Convert Markdown to HTML with Pandoc

In this post I’ll describe how to use Pandoc to convert Markdown to a full HTML page (including header/footer).

The Pandoc version used for the examples below is 2.11.2.

What is Pandoc?

Pandoc is an open-source document converter that is written in Haskell. It was initially released in 2006 and has been under active development since then.

The goal of Pandoc is to convert a document from one markup format to another. It distinguishes between input formats and output formats. As of writing this it supports 38 input formats and 59 output formats.

In this post we’ll use Markdown as an input format and HTML as an output format.

Preparing the HTML template

To generate a full HTML page we have to use Pandoc’s standalone mode which will use a template to add header and footer.

Pandoc ships with a default template, if you wish to use that skip this section and omit the --template argument.

The template we’ll use is this (save it to template.html):

<!doctype html>
<html lang="en">
  <head>
    <meta charset="utf-8">
    <meta name="date" content='$date-meta$'>
    <title>$title$</title>
  </head>
  <body>
    <p>Date: $date$</p>
$body$
  </body>
</html>

Pandoc’s template variables can have different formats, the one we’re using here start and end with a dollar sign:

We only need to set the date and title in the Markdown document via a metadata block.

Writing the Markdown file

Create a Markdown file doc.md with the following content:

---
title: My Document
date: September 22, 2020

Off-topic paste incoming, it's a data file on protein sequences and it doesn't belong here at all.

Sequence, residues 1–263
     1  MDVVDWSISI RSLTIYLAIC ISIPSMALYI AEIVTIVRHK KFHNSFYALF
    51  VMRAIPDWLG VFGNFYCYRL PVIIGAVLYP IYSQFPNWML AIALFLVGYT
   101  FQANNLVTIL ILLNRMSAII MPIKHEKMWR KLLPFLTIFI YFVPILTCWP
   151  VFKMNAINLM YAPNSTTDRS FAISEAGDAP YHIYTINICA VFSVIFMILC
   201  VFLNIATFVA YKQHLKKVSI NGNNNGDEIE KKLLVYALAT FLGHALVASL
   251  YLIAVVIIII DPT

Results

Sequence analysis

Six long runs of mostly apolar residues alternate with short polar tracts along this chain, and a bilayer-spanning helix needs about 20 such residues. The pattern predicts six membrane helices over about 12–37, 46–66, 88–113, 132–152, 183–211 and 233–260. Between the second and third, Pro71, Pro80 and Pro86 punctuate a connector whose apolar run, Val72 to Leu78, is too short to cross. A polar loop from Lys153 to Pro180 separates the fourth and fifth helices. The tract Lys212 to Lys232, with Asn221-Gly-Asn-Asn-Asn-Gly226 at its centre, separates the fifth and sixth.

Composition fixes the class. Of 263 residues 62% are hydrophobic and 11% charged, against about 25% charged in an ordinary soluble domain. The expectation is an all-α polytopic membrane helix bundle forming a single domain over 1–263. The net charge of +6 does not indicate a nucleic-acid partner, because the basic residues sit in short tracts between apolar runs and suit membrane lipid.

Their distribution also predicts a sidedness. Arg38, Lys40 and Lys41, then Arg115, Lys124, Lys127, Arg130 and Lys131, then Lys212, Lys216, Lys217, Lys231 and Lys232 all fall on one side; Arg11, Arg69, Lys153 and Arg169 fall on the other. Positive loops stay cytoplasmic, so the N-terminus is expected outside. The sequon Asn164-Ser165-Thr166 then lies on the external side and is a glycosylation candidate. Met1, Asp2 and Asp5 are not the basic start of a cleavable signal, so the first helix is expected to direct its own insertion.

---

## Test
some text

The beginning of the document is the metadata block with required date and title variables mentioned above.

Several Markdown variants are supported such as GitHub-Flavored markdown. This example uses Pandoc’s extended markdown which is the default input for files with the md extension.

Converting the document

Run the following command to generate the HTML page:

pandoc --standalone --template template.html doc.md

Pandoc will try to guess the input format from the file extension (.md will use the Markdown input format) and output it to HTML (the default output format).

The output will be printed to the terminal:

<!doctype html>
<html lang="en">
  <head>
    <meta charset="utf-8">
    <meta name="date" content='2020-09-22'>
    <title>My Document</title>
  </head>
  <body>
    <p>Date: September 22, 2020</p>
<h2 id="test">Test</h2>
<p>some text</p>
  </body>
</html>

To save the document to a file we can either redirect stdout or use the -o argument:

pandoc --standalone --template template.html doc.md -o doc.html

Conclusion

In this example we’ve converted Markdown to a standalone HTML page that is using a custom template.

This was just a simple example of what Pandoc is capable to do. The standalone mode coupled with the bundled default templates makes it easy to generate a wide variety of outputs such as HTML presentations, Jupyter notebooks or PDF documents.